Sorry, everyone, false alarm. After all the debate about the recently discovered papyrus referring to Jesus’ wife, we find out that said papyrus is, in fact, a fake. It’s kind of a bummer, really, that after all the heated debates about Jesus’ marital status (could he have had a wife? Was she a church leader? Did they have kids? Oh, gosh, did they have sex?) to find out that not only was the document a fake, it was a really bad fake. L’Osseratore Romano, the Vatican’s newspaper, states, “Substantial reasons would lead one to conclude that the papyrus is indeed a clumsy fogery.” Editor Gian Maria Vian goes on to report, “In any case, it’s a fake.” The rather harsh editorial goes on to say that the papyrus is an “inept forgery,” claims The New York Times.
Poor Professor King. The Harvard Divinity School professor has already written a paper on the “marriage fragment,” and shared her findings with the media, and given a speech on it at a conference for Coptic Scholars, and had a documentary planned! Karen King has maintained from the discovery of the fragment that, while it doesn’t prove that Jesus was married, the fragment, but opens up a whole discussion on marriage and sexuality during Jesus’ lifetime. The Washington Post reports that, in a divinity school news release, King claimed:
“This new gospel doesn’t prove that Jesus was married, but it tells us that the whole question only came up as part of vociferous debates about sexuality and marriage. From the very beginning, Christians disagreed about whether it was better not to marry, but it was over a century after Jesus’s death before they began appealing to Jesus’s marital status to support their positions.”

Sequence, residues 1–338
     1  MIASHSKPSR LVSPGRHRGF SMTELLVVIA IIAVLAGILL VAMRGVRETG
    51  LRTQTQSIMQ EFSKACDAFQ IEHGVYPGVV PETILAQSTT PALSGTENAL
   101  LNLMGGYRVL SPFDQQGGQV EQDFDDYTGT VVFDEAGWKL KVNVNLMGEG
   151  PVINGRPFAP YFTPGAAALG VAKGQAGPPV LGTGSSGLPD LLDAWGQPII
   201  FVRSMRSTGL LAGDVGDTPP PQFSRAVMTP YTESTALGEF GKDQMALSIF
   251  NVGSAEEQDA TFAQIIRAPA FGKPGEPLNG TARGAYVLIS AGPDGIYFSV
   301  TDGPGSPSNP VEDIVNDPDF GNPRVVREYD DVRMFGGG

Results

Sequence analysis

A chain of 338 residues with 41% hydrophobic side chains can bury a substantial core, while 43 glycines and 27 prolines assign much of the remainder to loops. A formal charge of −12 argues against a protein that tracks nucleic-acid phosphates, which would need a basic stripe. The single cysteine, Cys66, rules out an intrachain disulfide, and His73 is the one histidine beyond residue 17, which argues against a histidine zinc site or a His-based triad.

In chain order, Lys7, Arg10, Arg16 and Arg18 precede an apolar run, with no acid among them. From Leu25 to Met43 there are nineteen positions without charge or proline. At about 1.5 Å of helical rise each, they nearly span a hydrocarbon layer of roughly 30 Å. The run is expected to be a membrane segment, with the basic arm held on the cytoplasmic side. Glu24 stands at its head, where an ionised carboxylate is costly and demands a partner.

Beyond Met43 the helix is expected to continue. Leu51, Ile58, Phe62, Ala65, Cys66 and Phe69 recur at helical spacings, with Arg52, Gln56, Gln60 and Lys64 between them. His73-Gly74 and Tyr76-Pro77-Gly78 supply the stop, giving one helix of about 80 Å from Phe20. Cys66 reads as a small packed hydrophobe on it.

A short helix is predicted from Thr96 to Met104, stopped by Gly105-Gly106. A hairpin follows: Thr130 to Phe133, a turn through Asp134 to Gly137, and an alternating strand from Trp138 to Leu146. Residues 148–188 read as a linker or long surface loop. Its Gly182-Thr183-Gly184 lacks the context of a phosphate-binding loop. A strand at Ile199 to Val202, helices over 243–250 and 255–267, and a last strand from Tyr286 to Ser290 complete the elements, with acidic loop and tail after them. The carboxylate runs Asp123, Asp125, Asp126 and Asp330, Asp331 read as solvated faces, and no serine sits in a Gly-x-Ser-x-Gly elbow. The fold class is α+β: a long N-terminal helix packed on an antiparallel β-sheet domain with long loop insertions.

Too bad it’s not real.
Other scholars have been more hesitant than King to accept the fragment’s authenticity. Alberto Camplani was suspicious from the beginning, since “the papyrus had been found on the antiquarian market and not through a dig.” Dr. Camplani, a professor at Rome’s La Sapienza University, wrote, “Such an object demands that numerous precautions be taken to establish its reliability and exclude the possibility of forgery,”The Washington Post reports.
In an article by The New York Times, Camplani was quick to judge not just the media for using Jesus’ alleged marriage for shock factor, but Dr. King for participating. Camplani suggested that the “sensationalistic headlines” could have been avoided had Dr. King waited to share her “findings” with other scholars and researchers, before allerting the media.
Makes sense, since now the Smithsonian Channel, which planned to “chronicle the story behind King’s discovery in a documentary on Sunday,” had to delay their program. Plus, King’s paper now might not get published.
Perhaps we can all take a valuable lesson from this whole fiasco. Before you take the time to write a thesis and make a television program about something, make sure its legit.